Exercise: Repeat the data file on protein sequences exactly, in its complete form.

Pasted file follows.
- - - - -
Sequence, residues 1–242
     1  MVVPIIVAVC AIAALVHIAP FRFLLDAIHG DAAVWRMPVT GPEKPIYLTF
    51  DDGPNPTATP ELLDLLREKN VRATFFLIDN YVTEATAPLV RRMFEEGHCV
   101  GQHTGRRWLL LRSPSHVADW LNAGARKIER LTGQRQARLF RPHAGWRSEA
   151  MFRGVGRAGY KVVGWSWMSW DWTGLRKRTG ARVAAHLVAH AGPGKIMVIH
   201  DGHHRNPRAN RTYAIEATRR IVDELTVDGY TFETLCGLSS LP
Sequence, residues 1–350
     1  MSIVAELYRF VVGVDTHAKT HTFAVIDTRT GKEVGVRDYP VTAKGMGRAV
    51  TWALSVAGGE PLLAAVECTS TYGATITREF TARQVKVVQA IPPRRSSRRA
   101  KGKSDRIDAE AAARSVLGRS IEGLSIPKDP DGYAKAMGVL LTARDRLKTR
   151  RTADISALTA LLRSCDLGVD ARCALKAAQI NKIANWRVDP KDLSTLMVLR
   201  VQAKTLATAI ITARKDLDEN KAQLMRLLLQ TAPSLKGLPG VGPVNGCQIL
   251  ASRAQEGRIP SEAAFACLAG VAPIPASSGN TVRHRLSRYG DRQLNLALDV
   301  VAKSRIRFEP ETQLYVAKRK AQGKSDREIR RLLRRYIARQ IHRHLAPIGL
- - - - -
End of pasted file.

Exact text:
Sequence, residues 1–242
     1  MVVPIIVAVC AIAALVHIAP FRFLLDAIHG DAAVWRMPVT GPEKPIYLTF
    51  DDGPNPTATP ELLDLLREKN VRATFFLIDN YVTEATAPLV RRMFEEGHCV
   101  GQHTGRRWLL LRSPSHVADW LNAGARKIER LTGQRQARLF RPHAGWRSEA
   151  MFRGVGRAGY KVVGWSWMSW DWTGLRKRTG ARVAAHLVAH AGPGKIMVIH
   201  DGHHRNPRAN RTYAIEATRR IVDELTVDGY TFETLCGLSS LP
Sequence, residues 1–350
     1  MSIVAELYRF VVGVDTHAKT HTFAVIDTRT GKEVGVRDYP VTAKGMGRAV
    51  TWALSVAGGE PLLAAVECTS TYGATITREF TARQVKVVQA IPPRRSSRRA
   101  KGKSDRIDAE AAARSVLGRS IEGLSIPKDP DGYAKAMGVL LTARDRLKTR
   151  RTADISALTA LLRSCDLGVD ARCALKAAQI NKIANWRVDP KDLSTLMVLR
   201  VQAKTLATAI ITARKDLDEN KAQLMRLLLQ TAPSLKGLPG VGPVNGCQIL
   251  ASRAQEGRIP SEAAFACLAG VAPIPASSGN TVRHRLSRYG DRQLNLALDV
   301  VAKSRIRFEP ETQLYVAKRK AQGKSDREIR RLLRRYIARQ IHRHLAPIGL